A CACO officer is assigned by the Department of Defense to assist the families of ill, injured, or deceased members.
Designate a trusted family member or friend as an advocate and have them gather as much information as possible. We suggest purchasing a digital recorder to record conversations. Ask for permission to record if you're in a two party consent state.
Have your advocate collect:
Demand a civilian autopsy, genetic testing, and pathology. During the autopsy. the medical examiner will take photographs, document any trauma, disease, or unusual physical characteristics. Samples of fluids and tissues will be obtained for microscopic, toxicological and genetic testing.
Research potential lawyers. There are law firms that are experts in the Feres Doctrine and NDAA. These lawyers are specialists in military malpractice and negligence.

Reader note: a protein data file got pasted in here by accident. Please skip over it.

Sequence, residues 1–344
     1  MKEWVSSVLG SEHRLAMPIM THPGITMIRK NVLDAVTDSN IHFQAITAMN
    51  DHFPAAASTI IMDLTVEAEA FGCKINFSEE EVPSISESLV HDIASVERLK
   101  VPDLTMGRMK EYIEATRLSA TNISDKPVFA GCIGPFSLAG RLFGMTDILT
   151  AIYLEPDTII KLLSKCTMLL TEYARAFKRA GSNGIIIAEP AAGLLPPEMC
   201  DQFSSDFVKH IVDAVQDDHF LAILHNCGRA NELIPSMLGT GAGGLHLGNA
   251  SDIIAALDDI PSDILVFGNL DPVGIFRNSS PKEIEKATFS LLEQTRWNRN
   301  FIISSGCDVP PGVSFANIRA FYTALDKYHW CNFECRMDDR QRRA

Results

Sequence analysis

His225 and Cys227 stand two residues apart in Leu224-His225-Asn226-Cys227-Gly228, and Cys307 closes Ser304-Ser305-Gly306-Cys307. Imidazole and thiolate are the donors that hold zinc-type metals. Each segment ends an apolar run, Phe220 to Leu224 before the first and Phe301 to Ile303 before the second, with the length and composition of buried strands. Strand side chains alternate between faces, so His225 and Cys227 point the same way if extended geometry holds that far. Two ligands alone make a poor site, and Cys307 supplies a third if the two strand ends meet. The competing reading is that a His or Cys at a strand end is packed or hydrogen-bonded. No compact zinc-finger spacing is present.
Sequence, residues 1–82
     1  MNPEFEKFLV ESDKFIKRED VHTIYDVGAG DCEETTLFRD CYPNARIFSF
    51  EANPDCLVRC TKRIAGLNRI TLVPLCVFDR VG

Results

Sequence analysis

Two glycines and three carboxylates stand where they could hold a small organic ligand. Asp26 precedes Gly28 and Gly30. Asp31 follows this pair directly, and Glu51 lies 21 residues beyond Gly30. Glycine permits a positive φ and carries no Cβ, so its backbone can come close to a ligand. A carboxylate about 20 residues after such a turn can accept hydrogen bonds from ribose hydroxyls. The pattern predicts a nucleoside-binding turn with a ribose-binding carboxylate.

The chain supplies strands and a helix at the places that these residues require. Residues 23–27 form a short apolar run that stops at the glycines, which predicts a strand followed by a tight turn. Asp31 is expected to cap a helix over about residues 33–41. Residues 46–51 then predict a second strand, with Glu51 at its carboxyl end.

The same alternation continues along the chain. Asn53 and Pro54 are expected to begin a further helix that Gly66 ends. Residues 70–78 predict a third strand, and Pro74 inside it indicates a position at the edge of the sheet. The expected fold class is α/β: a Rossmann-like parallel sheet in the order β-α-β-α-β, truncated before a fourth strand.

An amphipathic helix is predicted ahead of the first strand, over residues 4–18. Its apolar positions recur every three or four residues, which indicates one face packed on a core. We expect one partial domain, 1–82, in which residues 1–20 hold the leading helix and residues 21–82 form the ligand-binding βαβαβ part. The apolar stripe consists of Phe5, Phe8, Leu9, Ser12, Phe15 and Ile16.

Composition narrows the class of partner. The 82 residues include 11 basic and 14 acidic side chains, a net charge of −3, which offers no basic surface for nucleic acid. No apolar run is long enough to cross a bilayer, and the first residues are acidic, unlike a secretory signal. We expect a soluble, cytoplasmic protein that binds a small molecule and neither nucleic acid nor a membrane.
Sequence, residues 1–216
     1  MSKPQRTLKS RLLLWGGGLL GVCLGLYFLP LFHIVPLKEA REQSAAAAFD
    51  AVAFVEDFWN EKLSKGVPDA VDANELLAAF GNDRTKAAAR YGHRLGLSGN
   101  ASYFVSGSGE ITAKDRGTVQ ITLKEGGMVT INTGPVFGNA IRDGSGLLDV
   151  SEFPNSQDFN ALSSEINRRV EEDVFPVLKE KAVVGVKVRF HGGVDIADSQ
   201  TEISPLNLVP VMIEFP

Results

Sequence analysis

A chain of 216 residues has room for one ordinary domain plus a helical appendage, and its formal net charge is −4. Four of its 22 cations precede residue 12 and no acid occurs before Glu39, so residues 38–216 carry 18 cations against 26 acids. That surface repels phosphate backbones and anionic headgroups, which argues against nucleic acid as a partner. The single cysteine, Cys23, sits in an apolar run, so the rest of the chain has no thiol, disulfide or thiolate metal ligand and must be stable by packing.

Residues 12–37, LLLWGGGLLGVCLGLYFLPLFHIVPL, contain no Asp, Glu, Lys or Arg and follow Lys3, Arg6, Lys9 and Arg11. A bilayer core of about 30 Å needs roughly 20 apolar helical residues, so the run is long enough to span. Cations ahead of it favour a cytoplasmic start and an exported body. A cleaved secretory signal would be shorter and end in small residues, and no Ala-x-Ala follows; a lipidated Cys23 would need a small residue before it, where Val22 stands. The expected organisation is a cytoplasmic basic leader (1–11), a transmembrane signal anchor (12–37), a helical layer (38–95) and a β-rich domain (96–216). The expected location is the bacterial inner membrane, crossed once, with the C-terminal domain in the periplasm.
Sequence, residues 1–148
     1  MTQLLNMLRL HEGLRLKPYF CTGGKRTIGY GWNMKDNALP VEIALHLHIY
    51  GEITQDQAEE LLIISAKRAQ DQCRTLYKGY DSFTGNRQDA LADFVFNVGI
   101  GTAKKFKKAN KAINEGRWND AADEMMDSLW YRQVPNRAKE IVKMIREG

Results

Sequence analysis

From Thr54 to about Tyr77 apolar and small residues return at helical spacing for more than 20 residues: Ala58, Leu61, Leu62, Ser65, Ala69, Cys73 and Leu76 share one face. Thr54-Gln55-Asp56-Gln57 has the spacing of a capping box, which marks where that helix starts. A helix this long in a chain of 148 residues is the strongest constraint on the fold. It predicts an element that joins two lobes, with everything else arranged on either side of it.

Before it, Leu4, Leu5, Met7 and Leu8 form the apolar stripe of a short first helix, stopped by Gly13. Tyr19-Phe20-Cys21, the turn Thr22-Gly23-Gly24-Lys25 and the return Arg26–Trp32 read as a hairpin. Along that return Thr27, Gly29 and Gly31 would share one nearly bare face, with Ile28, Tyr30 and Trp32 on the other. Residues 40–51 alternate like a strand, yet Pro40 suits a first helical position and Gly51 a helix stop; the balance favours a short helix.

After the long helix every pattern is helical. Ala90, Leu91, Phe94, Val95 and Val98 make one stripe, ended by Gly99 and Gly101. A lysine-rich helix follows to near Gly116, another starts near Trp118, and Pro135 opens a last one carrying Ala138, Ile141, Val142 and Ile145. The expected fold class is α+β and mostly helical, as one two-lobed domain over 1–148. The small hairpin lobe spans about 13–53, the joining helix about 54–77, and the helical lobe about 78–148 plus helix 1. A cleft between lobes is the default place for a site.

Ask your family, trusted friends, or lawyer (if retained) their advice if you are contacted by the media.
You will begin to receive letters from elected officials and other official correspondence. To save time and reduce headaches, put them in chronological order and place in a safe spot.
The investigation typically takes several months. When reading through, there might be terms (military, medical, etc.) you are unfamiliar with. Ask friends in law enforcement, ex-military, or with a medical background to help or answer any questions.
Now that you have a clear timeline of events and have the official investigative report, now is the time to dig deeper by requesting Government documents with the Freedom of Information Act (FOIA).
You can request as many FIOA documents as you would like. By law, each request is permitted 2 hours of research and the first 200 pages are free. Additional paid hours of research are available.
BY LAW: The FOIA request should be completed within 20 days. Occasionally. some requests might take up to 30 days - if so, follow up.